“The last time we spoke, you were on my online radio show explaining how FTDNA would soon connect the branches to the leaves.
And now, with Big Y, you’re doing just that. It’s been a wonderful journey and we’re really closing up the gaps now in the Saint-Clair family.
I wonder if I can ask your opinion on an approach I’ve been using in our study?
St Clair is one of those older Norman names. The Normans were meticulous records keepers. What I began to notice in our SNP results for the last few years (since confirmed with the Big Y results) is the same surnames showing up as witnesses to historical documents.
For example, one of our P310 participants has an SNP match with the Mandeville family.
They also showed up closely allied in Norman records after the Norman Conquest.
Another example, the de Vaux family share the L193 SNP with my own SNPs. That one has been dated within the time frame of Norman records.
The de Vaux also showed up in tons of records as closely allied with the St. Clairs of England.
In each case, multiple independent connections point to near certainty that we’re looking at the descendants of those medieval people.
I’ve put up a lengthy website page about our P310 lineage, if you’re having trouble sleeping one night - http://stclairresearch.com/content/Sinclair-Templar-Proof.html
I’m curious to see what you think of this approach.”
Using FTDNA as a resource
We couldn’t ask for a better person to run Family Tree DNA than Bennett Greenspan. His curiosity and helpfulness in the family studies is wonderful. As a result, they’ve become the most successful testing lab for genealogy in the world.
Knowing what would help the most, Bennett wrote back, “Hi Steve, I’m going to refer this to one of our customer service people with an Anthropology degree.”
The answer is in
Just today, the note came back -
I have been able to review your page and conclusions. Your research is interesting and it sounds like you've had a lot of fun with it. I love seeing these kinds of stories. From what I see on your page, your conclusions are sound. I think one of the benefits of having so many great haplogroup projects, Big Y, and in-depth research such as yours is that we do eventually get to see family lines intersect with specific SNPs. Have you connected with any of our P310 haplogroup admins to date on the subject?”
There you have it from a trusted employee of FTDNA who has an anthropology degree, referred by Bennett Greenspan.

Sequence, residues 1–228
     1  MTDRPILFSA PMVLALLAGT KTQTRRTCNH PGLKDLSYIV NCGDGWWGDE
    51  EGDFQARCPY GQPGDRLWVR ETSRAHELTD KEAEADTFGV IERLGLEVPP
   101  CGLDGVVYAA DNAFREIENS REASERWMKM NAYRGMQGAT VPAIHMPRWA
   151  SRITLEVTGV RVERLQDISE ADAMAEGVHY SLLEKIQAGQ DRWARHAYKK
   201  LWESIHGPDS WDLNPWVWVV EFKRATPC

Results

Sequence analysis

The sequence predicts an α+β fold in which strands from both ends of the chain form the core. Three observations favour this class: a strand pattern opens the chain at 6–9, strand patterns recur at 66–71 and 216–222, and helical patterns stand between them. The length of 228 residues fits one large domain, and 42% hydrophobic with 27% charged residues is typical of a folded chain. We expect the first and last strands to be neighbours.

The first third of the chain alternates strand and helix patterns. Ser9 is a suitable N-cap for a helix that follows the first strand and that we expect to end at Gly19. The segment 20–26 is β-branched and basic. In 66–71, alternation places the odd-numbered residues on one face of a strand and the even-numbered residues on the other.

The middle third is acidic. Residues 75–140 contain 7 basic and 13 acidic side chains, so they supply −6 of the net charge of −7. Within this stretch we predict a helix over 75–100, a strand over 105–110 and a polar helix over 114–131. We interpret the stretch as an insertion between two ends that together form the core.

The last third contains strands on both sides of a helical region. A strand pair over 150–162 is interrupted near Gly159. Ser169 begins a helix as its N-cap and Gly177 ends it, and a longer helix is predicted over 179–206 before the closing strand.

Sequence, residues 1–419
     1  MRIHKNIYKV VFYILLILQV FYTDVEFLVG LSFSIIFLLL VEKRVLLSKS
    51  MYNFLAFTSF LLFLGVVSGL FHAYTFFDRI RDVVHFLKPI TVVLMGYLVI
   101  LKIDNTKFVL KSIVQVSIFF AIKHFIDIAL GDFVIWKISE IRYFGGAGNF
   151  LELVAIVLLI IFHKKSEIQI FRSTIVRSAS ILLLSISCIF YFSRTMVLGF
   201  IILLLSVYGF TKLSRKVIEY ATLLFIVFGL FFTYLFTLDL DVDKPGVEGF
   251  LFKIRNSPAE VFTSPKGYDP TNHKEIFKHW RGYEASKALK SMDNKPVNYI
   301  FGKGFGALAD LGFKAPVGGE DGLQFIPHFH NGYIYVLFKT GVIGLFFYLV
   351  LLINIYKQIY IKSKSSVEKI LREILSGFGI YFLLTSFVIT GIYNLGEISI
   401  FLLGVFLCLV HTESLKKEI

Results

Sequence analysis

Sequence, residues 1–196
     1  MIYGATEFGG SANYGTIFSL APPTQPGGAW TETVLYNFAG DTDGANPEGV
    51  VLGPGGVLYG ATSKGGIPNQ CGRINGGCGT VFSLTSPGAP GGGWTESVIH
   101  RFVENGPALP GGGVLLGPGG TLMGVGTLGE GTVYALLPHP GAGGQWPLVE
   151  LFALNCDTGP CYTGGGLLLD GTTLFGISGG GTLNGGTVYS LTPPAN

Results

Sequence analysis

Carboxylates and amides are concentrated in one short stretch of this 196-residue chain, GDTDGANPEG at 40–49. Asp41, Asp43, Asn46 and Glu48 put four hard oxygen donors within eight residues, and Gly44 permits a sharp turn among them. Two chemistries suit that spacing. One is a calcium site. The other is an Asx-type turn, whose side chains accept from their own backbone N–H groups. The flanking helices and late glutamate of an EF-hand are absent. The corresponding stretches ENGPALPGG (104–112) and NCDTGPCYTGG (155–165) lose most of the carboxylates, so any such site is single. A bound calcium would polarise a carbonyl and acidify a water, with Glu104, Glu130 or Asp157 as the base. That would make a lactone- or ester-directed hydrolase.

“Your conclusions are sound.”
More work to do
Not all SNP studies are created equal. Unfortunately, the P310 SNP study has been through a chaotic time. They have new leadership, but the energy level has not been as high as the L193 or U106 groups who, as well as other groups, have doggedly uncovered the deep SNP connections between surnames in their group.
I’ve been in touch with others who can help, but it’s slow going. More recent connections between the SNPs below P310 are being slowly discovered and our P310 Herdmanston participant is part of this work. And more recent SNP connections are necessary to be absolutely certain of connections.
That said, some folks who seem threatened by what I’ve written about the Herdmanston lineage seem to hang their argument purely on the age of the P310 SNP.
They are leaving out two other incredibly important pieces of evidence:
- The surnames
- The medieval records
Another Sinclair Lineage as an example
The fact that our Caithness Lineage is connected to John Thurso is beyond dispute. When Thurso’s DNA was SNP tested and proven to be Z346*, then we all knew that our Caithness Lineage matched Thurso. Irrefutable. Beyond argument. Unfortunately, as of this writing, that DNA kit is being held hostage by someone who shall not be named, so no Big Y testing has been completed for John.
The next question was the time of that match. Soon I hope those in touch with Thurso can get him to Big Y test.
But there’s more work needed
Look back up the page at #2 - medieval records.
As of October, 2013, our Caithness participants match:
- Wildey - England
- Cummings - unknown
- Beckes - USA
- Kinkead (Kincaid) - Ireland
- Frenckinck - Germany
- Dirksen - Netherlands
- Mitchell - England
- Wheadon - England
- Gilbert - Scotland
All our Saint-Clair lineages need to take this approach
I'm very excited about research I'm doing on our Exeter Sinclair Lineage and a particular soldier in the Battle of Dunbar.
In another lineage, I’m currently working on a surname that has, to my knowledge, been overlooked. It shows up in the narrative of the Sinclairs of Rosslyn, as well as in English and Norman history. The other surnames this family were circling around are quite exciting and, in many cases, different that those the Herdmanston Saint-Clairs were associated with.
In both cases, if the surnames I’m studying have living descendants who can be tested for DNA SNPs with Family Tree DNA, and they turn out matching the appropriate lineage, then we’ll have something close to 100% certainty that they connect back to Normandy.
Then, the anthropologist will once again be able to say, “your conclusions are sound.”